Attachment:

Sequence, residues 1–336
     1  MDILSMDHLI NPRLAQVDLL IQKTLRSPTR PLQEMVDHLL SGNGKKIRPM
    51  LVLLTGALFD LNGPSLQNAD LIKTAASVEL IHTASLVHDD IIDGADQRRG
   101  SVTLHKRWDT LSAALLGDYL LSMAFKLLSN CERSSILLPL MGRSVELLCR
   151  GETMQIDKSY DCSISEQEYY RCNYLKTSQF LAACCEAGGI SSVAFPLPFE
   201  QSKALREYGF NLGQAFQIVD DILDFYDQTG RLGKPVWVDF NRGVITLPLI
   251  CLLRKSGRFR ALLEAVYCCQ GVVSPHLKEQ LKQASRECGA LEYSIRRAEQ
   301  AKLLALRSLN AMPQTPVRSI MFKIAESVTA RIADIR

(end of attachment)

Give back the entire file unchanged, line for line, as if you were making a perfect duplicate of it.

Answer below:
Sequence, residues 1–336
     1  MDILSMDHLI NPRLAQVDLL IQKTLRSPTR PLQEMVDHLL SGNGKKIRPM
    51  LVLLTGALFD LNGPSLQNAD LIKTAASVEL IHTASLVHDD IIDGADQRRG
   101  SVTLHKRWDT LSAALLGDYL LSMAFKLLSN CERSSILLPL MGRSVELLCR
   151  GETMQIDKSY DCSISEQEYY RCNYLKTSQF LAACCEAGGI SSVAFPLPFE
   201  QSKALREYGF NLGQAFQIVD DILDFYDQTG RLGKPVWVDF NRGVITLPLI
   251  CLLRKSGRFR ALLEAVYCCQ GVVSPHLKEQ LKQASRECGA LEYSIRRAEQ
   301  AKLLALRSLN AMPQTPVRSI MFKIAESVTA RIADIR